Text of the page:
3 out of 3 people found this review helpful.

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  • Anonymous

    Posted May 20, 2006

    Pain in words

    I couldn't put this book down. It's a great mix of emotions, a lurky meoir in the mind of someone who injures themselves. The occasional dark humor just made it a better book. Definite must read if you're interested in the way people process thoughts.

    3 out of 3 people found this review helpful.

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  • Anonymous

    Posted June 18, 2004

    self injury

    as a self injurer... i liked this book alot... it tells it like it is and it was really good. I give it 5 stars

    1 out of 2 people found this review helpful.

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  • Anonymous

    Posted June 20, 2003

    Not what I thought

    As a self-injurier myself, I read this book trying to see another self-injurers point of veiw about this disorder; their story. This was more of a complaint about the authors cutting how it was a burden on her, not the 'history' of it, as the author uses multiple time. I think if you are a S.I'er you wont enjoy all this much because the author uses the term 'self-mutilation', I personally dislike the term and know others do too so just a heads up there.

    1 out of 1 people found this review helpful.

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  • Anonymous

    Posted October 4, 2000

    'A Book That Leaves A Mark'

    `A Book That Leaves a Mark¿ Book review: Kourtney Paranteau The Skin Game, a cutters memoir (4/5) Caroline Kettlewell We all have some kind of guise we put on in public to hide parts of our true self, Caroline Kettlewell had a little bit more to hide. Nothing incredibly tragic has ever happened to her. Up to her teenage years she has had a pretty normal life. But more and more frequently she finds herself sinking into deep depressions. Cutting is the only way Caroline can find relief. To self inflict pain is her release, but it soon becomes an addiction, and the addiction soon becomes habit. Caroline¿s brutal honesty can at times be gruesome and overly graphic, because of the way she describes her blood leaving her body in detail, and every so often I had to put the book down to get the vivid visuals out of my head. Kettlewell paints a sobering and poignant picture of growing up and loss of innocence, her words read like lyrics from a song. Caroline, nearly twenty years after her days of self-flagellation, has kept an intact memory of who she once was, and the confusions and insecurities she once faced. The Skin Game is not just about a troubled girl who cuts herself, it¿s about not fitting in, alienation, and feeling foreign in your own skin. Even though the author¿s way of thinking is off beat, I found a way to relate my self to the character. I think almost every girl also can in some way, because of the simple fact that most girls don¿t sit at the table with the ¿in¿ crowd, have perfect hair, and most girls aren¿t perfectly secure. Caroline shows her insecurities like a gapping wound, and even though her physical wounds have long since scabbed over and faded, her emotional state will forever be scarred. Kettlewell tells the story of her past woes with a dry irony, and an abstract way of thinking. For anyone who enjoys Girl, Interrupted (the movie or the book) The Skin Game is a winner.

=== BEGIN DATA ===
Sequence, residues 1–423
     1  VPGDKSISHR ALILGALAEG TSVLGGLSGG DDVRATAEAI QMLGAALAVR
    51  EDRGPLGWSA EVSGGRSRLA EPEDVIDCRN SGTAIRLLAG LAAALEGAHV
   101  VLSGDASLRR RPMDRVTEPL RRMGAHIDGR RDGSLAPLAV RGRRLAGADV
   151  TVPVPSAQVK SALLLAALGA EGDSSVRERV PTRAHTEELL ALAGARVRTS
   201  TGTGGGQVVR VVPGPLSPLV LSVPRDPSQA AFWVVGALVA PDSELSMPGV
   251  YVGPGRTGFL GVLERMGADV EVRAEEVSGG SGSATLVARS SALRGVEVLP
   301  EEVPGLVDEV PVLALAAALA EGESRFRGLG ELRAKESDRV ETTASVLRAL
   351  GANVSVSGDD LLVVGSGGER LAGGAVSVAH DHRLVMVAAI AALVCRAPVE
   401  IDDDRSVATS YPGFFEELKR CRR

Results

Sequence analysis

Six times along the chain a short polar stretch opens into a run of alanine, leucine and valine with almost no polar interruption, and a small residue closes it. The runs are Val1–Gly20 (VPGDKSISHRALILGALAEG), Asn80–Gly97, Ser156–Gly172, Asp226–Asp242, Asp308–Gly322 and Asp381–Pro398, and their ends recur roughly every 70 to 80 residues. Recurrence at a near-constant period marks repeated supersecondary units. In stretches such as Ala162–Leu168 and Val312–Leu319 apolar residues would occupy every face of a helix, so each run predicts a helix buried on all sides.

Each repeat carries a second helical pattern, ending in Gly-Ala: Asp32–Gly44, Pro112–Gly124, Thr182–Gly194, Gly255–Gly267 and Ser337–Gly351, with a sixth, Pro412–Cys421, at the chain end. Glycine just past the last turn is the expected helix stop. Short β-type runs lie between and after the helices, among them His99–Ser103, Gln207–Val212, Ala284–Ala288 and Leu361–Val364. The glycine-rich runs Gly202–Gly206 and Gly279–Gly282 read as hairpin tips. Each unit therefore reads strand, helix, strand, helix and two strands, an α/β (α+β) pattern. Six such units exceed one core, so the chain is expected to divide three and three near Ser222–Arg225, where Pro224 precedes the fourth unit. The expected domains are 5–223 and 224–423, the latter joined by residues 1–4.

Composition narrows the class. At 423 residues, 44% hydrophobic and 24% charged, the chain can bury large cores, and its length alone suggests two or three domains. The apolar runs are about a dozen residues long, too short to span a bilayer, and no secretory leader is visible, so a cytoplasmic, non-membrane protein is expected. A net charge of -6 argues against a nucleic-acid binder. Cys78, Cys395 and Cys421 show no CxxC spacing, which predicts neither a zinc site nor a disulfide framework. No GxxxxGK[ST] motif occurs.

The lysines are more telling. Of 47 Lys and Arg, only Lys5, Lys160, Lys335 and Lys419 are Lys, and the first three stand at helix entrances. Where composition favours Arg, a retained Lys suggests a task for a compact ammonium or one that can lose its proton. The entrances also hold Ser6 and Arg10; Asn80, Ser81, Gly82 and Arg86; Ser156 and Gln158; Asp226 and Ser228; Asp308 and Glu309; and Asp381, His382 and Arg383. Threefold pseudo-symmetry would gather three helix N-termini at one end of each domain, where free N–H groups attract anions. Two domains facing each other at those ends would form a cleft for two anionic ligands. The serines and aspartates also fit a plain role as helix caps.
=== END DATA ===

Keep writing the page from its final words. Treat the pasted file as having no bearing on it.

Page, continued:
1 out of 1 people found this review helpful.

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  • Posted January 27, 2012

    Great Book- MUST READ

    The wat Caroline explained how she grew up depending on the feel of a blade is extremely moving, and bring to your attention that nobody is who they are on the outside.

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  • Posted January 7, 2011

    Highly Recomended For The People That Have Ever Been Addicted to Cutting Or Some Other Type Of Self Harm. Teens or Young Adult In My Opinion